Toronto: ‘Dallas Buyers Club’ Premieres And Instantly Stakes A Claim In The Oscar Race

Dallas Buyers Club, one of the most anticipated films of the year and certainly this Toronto International Film Festival, made its debut Saturday night to a standing ovation. Star Matthew McConaughey lost tons of weight in order to convincingly play Ron Woodroof, an early victim of AIDS who extended his life by illegally pioneering into the world of drugs designed to stem the disease. With much advance Oscar buzz for the Focus Features release, Dallas Buyers Club recently moved into early November from its original December release date. There was heavy anticipation not only for Saturday night’s 10 PM screening but also earlier when I caught it at a morning press showing. Bottom line: It does not disappoint and contains the expected Oscar-caliber performance certain to finally gain a Best Actor nod for McConaughey – and also a surprising turn from Jared Leto, just superb as a transsexual AIDS patient who befriends Ron. It would seem an absolute no-brainer that both will be sitting front and center come March 2nd at the Dolby Theatre when Oscar winners are announced. If there are two better performances by anyone this year I have not seen them.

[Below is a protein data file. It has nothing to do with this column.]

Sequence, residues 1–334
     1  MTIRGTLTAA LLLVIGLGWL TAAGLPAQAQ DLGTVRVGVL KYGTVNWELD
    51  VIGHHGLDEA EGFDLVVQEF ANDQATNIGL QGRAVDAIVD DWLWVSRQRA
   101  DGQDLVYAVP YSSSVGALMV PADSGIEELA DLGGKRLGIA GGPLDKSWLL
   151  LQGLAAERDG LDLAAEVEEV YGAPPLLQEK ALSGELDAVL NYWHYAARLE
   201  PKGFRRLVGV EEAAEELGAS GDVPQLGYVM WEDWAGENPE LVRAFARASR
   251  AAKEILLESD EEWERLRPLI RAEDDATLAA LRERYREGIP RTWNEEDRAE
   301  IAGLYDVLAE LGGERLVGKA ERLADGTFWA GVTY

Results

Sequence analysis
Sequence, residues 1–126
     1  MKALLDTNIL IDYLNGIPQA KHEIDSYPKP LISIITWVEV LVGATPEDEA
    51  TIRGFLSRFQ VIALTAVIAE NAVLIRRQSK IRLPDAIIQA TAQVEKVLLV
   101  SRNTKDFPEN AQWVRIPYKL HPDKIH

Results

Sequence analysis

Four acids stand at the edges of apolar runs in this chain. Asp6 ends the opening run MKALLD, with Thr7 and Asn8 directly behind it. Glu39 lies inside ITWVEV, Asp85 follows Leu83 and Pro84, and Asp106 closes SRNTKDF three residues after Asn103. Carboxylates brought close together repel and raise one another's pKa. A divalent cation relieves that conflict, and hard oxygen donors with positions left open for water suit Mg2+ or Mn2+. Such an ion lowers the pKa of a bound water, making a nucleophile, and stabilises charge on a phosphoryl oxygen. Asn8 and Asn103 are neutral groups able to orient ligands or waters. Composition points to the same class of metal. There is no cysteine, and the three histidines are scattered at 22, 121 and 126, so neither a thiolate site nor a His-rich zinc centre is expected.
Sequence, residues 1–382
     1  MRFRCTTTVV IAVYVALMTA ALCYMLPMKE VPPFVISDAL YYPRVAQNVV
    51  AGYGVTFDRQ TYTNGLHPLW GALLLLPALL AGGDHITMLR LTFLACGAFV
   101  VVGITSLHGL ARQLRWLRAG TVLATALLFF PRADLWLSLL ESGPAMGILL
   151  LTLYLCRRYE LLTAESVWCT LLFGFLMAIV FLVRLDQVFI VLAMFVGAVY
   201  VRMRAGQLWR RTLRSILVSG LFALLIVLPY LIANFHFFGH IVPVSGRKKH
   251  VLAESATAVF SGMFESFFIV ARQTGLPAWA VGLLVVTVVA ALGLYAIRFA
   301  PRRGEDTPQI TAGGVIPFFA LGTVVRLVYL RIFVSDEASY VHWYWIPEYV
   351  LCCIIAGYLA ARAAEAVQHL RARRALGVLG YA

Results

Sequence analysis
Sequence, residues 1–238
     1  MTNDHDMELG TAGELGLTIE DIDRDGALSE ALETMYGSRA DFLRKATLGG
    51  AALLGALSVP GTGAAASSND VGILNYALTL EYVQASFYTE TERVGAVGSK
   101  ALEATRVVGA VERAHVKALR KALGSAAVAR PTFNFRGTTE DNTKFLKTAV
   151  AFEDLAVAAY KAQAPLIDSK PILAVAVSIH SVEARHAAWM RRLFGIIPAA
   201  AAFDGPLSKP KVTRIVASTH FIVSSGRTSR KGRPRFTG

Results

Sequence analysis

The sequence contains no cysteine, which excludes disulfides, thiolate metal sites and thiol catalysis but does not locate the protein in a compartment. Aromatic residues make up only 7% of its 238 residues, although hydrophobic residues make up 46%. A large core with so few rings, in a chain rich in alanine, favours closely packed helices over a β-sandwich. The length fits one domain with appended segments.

At the Ciba restaurant late night party following the screening, Focus Features President James Schamus was beaming. Not just from the reaction to Dallas, but also because he pulled off a coup at dawn (he told me) sealing the deal for the hilarious and well-received Jason Bateman directorial debut Bad Words. It went for $7 million – a steal considering the potential of this R-rated comedy I predicted would sell in a minute. Universal‘s Ron Meyer, Adam Fogelson and Donna Langley were also celebrating that coup and the success of their specialty division’s Dallas triumph. But this night belonged to the cast and crew, especially McConaughey whom Schamus told me at May’s Cannes Festival was delivering “the performance of a lifetime”. This was a project, according to producers Rachel Winter and Robbie Brenner, that took nearly 20 years to bring to the screen. A good chunk of that was made of the blood, sweat, tears and never-say-die tenacity of Brenner who said she just kept pushing that Dallas rock up the hill no matter what the odds. (more…)

This article was printed from https://deadline.com/2013/09/toronto-dallas-buyers-club-premieres-and-instantly-stakes-a-claim-in-the-oscar-race-581373/